Another major improvement was the introduction of drying machines. Drying the baskets is the most delicate part of the process. The new machines dry baskets in a fraction of the time it took to air-dry them, with very little damage. Not only do they save time, they also save space. Before, baskets were spread throughout the factory to air-dry. In the workshop, they hang on hooks on a conveyor belt that takes them through the machines.
This new model has drastically reduced production time.
"The old production process took anywhere from 14 to 28 days. Now it takes under two days," says Gimeson.
The new process has also increased employee communication and involvement.
"It's hard to feel you're part of something when you're one of 2,000," he says. "But the new model fosters team spirit."
The basket-making workstation also underwent a transformation. The ergonomic team worked with outside expert, consultant and engineer Charles Mauro to develop a station that was more versatile and comfortable and allows employees to improve the quality of their products.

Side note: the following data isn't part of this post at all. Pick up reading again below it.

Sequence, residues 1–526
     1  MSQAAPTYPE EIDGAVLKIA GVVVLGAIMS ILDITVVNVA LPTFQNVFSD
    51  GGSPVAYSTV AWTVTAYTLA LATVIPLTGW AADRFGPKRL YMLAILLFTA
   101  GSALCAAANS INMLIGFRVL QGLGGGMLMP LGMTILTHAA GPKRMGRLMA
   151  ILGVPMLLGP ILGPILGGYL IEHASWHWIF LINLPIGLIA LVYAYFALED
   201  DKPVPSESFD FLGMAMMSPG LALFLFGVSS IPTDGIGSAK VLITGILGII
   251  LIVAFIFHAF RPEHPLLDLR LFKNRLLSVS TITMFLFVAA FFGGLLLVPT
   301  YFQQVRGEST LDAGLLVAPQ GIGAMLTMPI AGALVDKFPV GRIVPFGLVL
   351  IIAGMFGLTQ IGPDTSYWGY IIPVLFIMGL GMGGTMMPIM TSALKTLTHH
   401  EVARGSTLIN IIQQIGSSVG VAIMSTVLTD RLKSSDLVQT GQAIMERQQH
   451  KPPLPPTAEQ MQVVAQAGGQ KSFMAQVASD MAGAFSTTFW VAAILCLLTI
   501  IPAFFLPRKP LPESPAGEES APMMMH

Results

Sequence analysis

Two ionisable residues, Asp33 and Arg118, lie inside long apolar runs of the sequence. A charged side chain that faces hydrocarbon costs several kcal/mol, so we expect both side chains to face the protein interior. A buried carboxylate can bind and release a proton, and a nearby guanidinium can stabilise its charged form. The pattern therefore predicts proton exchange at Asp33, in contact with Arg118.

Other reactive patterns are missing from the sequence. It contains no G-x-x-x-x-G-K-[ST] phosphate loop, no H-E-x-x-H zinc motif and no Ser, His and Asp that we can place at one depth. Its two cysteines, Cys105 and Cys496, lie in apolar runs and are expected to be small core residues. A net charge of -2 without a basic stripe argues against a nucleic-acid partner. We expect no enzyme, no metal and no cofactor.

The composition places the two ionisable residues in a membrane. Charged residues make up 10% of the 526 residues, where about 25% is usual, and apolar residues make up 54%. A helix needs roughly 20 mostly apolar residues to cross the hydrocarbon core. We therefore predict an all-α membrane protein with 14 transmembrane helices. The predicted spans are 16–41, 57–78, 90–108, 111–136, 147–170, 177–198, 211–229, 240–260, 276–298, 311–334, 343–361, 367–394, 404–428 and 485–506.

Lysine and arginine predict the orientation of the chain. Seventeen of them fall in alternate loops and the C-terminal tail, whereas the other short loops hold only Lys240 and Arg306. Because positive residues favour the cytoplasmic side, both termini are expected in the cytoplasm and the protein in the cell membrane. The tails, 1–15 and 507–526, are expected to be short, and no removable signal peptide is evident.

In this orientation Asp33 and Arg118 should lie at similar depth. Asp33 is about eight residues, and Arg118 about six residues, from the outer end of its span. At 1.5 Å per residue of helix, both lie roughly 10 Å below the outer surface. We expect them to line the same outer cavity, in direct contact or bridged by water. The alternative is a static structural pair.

The result is a new horse -- the machine the basket sits on while it is being made -- and table and chair that are electronically adjustable to accommodate employees of different sizes. It takes right and left handedness into consideration and gives the basket-maker the option of sitting or standing.
"With the old horse, you had to stand to work," says Line Support Supervisor Debbie Ianniello. "If you broke your leg, you couldn't work. Or if you were pregnant and needed to stay off your feet," it was impossible.
And since the new horse's parts take less effort to move, employees are less tired at the end of the day.
"Before you could tell my first basket of the day was better than the last," says Ianniello. "Now you can't tell the difference."
All dressed up and nowhere to go?